isolated slow motion effect
by john skye on Sep 29, 2011 at 11:02:26 am
I am trying to create an effect where part of the action in a shot goes to slow motion, whilst the rest/background continues at normal speed. I have a shot of a windsurfer jumping, with lots of other sailors in the background. I would like to isolate the jumper, slow it down, and have the rest of the world sailing normally in the background.
I am sure its covered here somewhere, but I am not too clued up on all the gargon, so not even sure what to search for. If anyone can let me know what the effect would be called, or point me in a good direction it would be very much appreciated.
Re: isolated slow motion effect by ben g unguren on Sep 29, 2011 at 2:03:42 pm
For my part, the two key issues are whether the camera is moving (tripod? handheld? locked down?) and how busy the space behind the windsurfer is. If there's a lot of camera movement, or if there are a bunch of other surfers behind the to-be-slowed-down surfer, then the shot will be more complicated to pull off....
The basic process:
1. Rotoscope the windsurfer. If s/he's against a plain blue sky, then the roto can be rough. If there are detailed things that intersect with the edges of the windsurfer, then you'll need a much tighter matte.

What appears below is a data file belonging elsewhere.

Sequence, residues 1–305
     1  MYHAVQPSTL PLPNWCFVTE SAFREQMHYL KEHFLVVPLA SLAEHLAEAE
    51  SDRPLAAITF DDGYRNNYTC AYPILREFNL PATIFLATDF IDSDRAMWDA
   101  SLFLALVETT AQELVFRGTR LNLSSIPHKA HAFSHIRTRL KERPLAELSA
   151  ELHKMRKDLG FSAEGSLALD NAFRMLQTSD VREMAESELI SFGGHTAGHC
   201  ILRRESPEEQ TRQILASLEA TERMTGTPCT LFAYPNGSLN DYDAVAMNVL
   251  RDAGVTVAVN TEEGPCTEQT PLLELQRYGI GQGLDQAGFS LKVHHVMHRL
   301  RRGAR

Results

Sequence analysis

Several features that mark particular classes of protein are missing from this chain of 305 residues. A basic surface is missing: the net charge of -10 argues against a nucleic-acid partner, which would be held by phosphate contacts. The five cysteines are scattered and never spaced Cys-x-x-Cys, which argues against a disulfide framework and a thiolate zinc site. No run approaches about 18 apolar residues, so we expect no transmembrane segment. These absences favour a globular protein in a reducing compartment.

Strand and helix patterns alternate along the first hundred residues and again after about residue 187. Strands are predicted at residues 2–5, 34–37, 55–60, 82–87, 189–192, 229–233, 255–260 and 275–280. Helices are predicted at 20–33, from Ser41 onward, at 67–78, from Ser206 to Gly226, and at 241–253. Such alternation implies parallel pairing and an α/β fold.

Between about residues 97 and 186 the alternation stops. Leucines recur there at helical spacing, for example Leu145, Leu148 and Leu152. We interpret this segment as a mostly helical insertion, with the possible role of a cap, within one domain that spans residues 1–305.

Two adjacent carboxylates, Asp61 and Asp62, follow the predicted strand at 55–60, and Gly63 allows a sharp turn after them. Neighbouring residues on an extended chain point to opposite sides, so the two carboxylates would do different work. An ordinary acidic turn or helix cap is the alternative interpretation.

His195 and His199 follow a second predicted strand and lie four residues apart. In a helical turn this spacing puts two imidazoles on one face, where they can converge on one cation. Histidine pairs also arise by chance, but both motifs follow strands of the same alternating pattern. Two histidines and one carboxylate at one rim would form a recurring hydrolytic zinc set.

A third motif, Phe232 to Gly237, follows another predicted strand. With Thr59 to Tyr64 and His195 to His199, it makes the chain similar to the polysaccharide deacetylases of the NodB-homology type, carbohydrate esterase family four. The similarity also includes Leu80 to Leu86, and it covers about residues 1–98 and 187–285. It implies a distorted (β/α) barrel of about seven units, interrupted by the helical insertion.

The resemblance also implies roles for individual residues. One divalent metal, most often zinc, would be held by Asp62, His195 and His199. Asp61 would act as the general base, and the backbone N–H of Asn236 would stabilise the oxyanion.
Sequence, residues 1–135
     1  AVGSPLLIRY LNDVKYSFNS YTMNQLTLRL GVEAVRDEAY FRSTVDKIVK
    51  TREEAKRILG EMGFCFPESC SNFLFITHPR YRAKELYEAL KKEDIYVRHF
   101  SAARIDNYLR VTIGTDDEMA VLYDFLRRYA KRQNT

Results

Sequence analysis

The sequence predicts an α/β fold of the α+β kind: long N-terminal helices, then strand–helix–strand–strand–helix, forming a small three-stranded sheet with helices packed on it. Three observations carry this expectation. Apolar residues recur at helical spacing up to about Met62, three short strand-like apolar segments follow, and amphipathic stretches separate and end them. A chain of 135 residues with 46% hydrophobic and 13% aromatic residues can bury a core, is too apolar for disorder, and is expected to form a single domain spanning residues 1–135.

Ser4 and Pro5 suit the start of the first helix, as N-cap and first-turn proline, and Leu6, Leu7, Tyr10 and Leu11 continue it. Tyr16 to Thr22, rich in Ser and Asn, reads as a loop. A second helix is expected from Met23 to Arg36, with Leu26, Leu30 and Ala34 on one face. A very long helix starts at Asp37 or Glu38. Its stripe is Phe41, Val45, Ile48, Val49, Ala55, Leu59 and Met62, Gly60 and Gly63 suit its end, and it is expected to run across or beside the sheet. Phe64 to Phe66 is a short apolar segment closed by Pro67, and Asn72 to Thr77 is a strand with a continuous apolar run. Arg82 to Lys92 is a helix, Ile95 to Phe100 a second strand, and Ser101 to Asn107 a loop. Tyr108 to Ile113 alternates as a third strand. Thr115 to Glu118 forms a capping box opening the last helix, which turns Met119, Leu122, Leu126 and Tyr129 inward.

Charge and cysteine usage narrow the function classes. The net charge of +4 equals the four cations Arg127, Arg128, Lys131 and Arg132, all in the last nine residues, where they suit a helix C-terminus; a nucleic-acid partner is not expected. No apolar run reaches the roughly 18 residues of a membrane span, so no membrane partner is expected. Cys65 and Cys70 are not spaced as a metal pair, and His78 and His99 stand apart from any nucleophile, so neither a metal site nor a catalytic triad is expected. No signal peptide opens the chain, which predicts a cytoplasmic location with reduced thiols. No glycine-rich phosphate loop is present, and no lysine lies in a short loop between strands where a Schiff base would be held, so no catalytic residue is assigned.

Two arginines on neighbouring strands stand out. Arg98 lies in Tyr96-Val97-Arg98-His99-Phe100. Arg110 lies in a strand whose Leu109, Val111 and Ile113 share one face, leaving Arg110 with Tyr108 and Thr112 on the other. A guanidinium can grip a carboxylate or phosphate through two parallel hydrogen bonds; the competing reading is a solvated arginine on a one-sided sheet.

2. Slow down the windsurfer. You'd probably want to use the Timewarp effect (included with AE) or Twixtor (a third-party plugin). You may need/want to render out the rotoscoped surfer before doing this, or at least precomp it so the rotoscoping is "applied" before the time manipulation filters go into effect.
3. Remove the "real-time" windsurfer from the background. MochaPro (different from MochaAE) can do this almost automatically in certain shots. The clone-stamp tool in AE might help. It all depends on what the footage is doing, but the idea is that you probably don't want to see the real-time surfer behind the slowed-down surfer.
Note that if your camera isn't locked down, then you'll need to do a couple extra steps. First, you need to stabilize the camera movement on the slowed-down surfer, so it seems like it was a static shot. Second, you'd need to reintroduce the real-time camera movement to the slowed-down surfer. This is tricky, but frankly it would do a ton to help sell the shot, make it convincing, etc. Good luck!
Re: isolated slow motion effect by john skye on Oct 19, 2011 at 9:25:46 pm
Thanks for the reply.
I tried it and had reasonable success. Rotoscoping the windsurfer was relatively easy, but the problem came when trying to take the real time windsurfer out. I used the clone tool, but as it was water and waves it was constantly changing and therefore made it very difficult to look right. I also made the mistake of not stabilising the shot first. It was a fixed camera on a tripod, but the subtle shakey movement was enough to mess a few things up.
Overall however the technique was perfect, but the initial shot was not the right one to use. I will try again form the beginning and aim to shoot the action lower and hopefully get the windsurfer above the water and make it easier to erase them from the shot.